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The Responsibility to Protect as International Crimes Prevention

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image of Global Responsibility to Protect

In 2005 the UN’s World Summit endorsed the idea that its members have a responsibility to prevent and halt genocide, crimes against humanity, ethnic cleansing and war crimes. Insufficient attention has been paid to clarifying how the definitions and evolving jurisprudence relating to these international crimes can provide clarity in identifying the unlawful acts that the Responsibility to Protect seeks to prevent and to halt. Specifically, an analysis of the elements of the crimes establishes the following parameters: attacks directed against any civilian population, committed in a widespread or systematic manner, in furtherance of a state or organizational policy, irrespective of the existence of discriminatory intent or an armed conflict. This conclusion makes reference to four ‘crimes’ redundant: crime against humanity alone provides an appropriate framework for conceptualizing and implementing the Responsibility to Protect. Although analysts focused on international crimes tend to prioritize accountability, such an approach need not be reactive. The essence of the Responsibility to Protect is best characterized as international crimes prevention.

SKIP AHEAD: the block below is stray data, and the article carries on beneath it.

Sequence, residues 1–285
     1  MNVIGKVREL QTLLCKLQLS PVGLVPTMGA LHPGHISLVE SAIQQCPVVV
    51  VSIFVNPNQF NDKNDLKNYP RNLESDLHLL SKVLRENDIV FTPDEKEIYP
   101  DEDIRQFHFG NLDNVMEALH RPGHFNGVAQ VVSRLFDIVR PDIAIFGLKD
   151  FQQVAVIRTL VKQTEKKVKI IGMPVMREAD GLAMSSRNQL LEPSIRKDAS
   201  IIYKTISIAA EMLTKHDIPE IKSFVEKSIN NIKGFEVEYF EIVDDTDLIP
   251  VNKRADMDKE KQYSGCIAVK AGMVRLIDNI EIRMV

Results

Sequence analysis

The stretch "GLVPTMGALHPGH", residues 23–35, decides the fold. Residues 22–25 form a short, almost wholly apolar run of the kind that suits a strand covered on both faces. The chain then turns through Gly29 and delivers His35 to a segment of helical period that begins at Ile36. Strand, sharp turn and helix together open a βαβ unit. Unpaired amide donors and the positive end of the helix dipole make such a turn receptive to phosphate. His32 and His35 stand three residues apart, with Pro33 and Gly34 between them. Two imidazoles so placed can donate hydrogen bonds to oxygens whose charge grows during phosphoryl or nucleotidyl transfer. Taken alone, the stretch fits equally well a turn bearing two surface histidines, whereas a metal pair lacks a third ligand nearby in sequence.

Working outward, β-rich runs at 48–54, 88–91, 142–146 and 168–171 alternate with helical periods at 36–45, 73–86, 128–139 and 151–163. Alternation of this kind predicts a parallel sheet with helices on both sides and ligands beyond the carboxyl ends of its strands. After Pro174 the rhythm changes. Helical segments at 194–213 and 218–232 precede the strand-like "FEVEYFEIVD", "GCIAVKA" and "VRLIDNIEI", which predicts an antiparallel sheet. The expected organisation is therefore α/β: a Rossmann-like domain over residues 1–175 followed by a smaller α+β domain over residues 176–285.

10.1163/187598412X619667
/content/journals/10.1163/187598412x619667
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/content/journals/10.1163/187598412x619667
2012-01-01
2016-12-06

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